Friday, June 17, 2005

I am the Red-headed Stepchild of the Old School.

So I was in Waldenbooks the other day, poking around their graphic novel/role-playing section (which isn't terribly large -- stores like Barnes and Noble have really hit them hard) and I saw something I haven't seen in a long time.

A spinner rack.

An honest-to-goodness spinner rack.

I haven't seen a spinner rack in years. I hadn't realized how much I miss them.

After all, I started my journey into comic book fandom in a 7-11, not a comic shop. I may have married the long box, but it's the spinner rack that was my childhood sweetheart.

It got me thinking -- you know, those melancholy thoughts that start with phrases like back in the day... when I realized the "old school" of my memory is still post-Crisis, which in the grand scheme of things isn't old school by anyone's definition.

Pre-Crisis. It's a little like asking your parents what they were doing when Kennedy was shot, or how they felt when we landed on the Moon. You can read about it, you can learn all the trivia and all the facts and dig through all the archives, but if you weren't there, you'll never be able to recreate what it was like when all of it was happening. You'll never know how it felt when it was new.

It made me sad, suddenly. I guess it was because I was suddenly hit with the realization: I missed out on Composite Superman when he was new and interesting, and we'll never see stories that glorious and ridiculous and spectacular again. Not ever.

You can't tell stories like that anymore. Not when we're so immersed in a world where superheroes have to always have one foot in the real, in flesh and blood and broken bones and human drama.

The Green Lantern Corps seemed to be the last remainder of that boundless-creativity style of storytelling; that's why I wept so bitterly and for so long over its destruction, and why I tremble just a little at the thought of its return.

I love the Silver Age. But I love it out of a childish jealousy, out of the fact that I missed out on it when it was here. It makes me sad to hear modern fans call Silver Age stories crack. Even though I myself have tossed around the term -- that is, any story that is utterly ridiculous, over-the-top, so out-there it generates Stupid Superhero Quotes or contains a critical mass of unintentionally homoerotic images. But I have never spoken the word in mockery. And they do. And that hurts.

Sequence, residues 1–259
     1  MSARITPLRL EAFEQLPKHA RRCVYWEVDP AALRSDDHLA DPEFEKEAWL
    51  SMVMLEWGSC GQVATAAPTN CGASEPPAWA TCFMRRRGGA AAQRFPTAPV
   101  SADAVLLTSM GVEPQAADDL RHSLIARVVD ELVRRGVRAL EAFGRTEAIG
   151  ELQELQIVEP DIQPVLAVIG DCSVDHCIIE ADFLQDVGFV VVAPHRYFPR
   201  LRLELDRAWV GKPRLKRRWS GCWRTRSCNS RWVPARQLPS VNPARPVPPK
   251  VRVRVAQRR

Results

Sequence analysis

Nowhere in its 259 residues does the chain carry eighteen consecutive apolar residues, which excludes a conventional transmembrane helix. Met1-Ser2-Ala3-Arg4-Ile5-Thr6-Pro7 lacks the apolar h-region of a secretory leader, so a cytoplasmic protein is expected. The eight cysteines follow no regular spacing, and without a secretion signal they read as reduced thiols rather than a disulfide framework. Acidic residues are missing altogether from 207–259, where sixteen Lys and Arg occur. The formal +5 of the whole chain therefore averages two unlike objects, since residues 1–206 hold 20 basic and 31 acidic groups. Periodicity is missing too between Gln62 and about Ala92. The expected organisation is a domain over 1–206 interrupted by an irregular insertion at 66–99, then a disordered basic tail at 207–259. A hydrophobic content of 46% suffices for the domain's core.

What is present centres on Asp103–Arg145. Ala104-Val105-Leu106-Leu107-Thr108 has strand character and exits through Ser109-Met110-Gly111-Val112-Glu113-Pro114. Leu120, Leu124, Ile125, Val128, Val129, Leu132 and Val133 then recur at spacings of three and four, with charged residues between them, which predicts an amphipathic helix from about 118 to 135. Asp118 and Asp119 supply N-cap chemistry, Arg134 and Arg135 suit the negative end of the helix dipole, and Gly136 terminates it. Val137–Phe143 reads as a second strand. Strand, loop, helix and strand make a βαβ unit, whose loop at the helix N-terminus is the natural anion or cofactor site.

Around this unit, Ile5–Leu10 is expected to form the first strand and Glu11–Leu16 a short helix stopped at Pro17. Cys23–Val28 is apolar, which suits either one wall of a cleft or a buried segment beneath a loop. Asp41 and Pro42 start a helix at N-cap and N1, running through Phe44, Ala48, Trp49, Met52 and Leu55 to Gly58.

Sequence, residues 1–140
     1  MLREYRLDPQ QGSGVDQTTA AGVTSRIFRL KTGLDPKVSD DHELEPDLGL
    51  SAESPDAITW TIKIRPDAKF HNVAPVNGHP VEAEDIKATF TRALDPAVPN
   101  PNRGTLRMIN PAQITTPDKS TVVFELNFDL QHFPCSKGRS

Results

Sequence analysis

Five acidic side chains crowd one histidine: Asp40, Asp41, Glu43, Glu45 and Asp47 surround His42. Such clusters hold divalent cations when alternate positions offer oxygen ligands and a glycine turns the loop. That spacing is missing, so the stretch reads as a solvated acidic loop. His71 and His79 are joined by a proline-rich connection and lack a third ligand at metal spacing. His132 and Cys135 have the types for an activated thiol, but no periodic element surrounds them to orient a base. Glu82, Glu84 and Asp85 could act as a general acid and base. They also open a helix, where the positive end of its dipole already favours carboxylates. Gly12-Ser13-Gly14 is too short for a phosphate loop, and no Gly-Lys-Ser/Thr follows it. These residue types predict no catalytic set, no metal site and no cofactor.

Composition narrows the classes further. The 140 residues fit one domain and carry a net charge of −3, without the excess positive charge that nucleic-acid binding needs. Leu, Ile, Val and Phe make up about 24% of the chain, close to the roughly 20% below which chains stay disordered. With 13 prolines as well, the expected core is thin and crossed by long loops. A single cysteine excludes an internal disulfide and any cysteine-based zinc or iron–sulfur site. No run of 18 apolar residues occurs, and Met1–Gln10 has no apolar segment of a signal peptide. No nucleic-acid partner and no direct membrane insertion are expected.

So I don't fit in with the new breed of comic fans, that point and laugh at the Silver Age. But at the same time, I don't fit in with the older fans, the ones that bought and read the stories way back when. I don't know Snapper Carr as well as I should -- I get Earth-D and Earth-S mixed up all the time. I do a pretty good imitation of an old-school fan, but sooner or later I betray myself as a poser.

My love of the Silver Age is tied intimately to my love of aviation and the space program. Every so often, I'm hit with the awful, awful sadness that the great age of the test pilot was dead for a quarter century before I knew what an airplane was. So now all I can do is look at these beautiful, fantastic machines in museums and wonder: Why in God's name did we ever stop going to the Moon?

What happened to comics? What happened to all the stories about Superman being turned into pistachio pudding by alien invaders? What happened to Hal Jordan's adventures in the 58th century? What ever happened to Starro the fucking Conqueror?

Why did we stop going to the Moon?


Blogger Bat-Mac said...

First time here. This is brilliant stuff- you've articulated perfectly what us "Modern Agers"-yearn for - a day when millions read comic books and they made "silliness" a fine (and fun) art.

For real Silver Age genius, check out and their incredible analysis of the "Greatest Story of all time"! (if you haven't already)

Luckily DC are making Thursday's (in England) fun again. But regardless, I too wish that the Composite Superman was part of my childhood memories... (Sigh)

9:27 AM, August 05, 2005  

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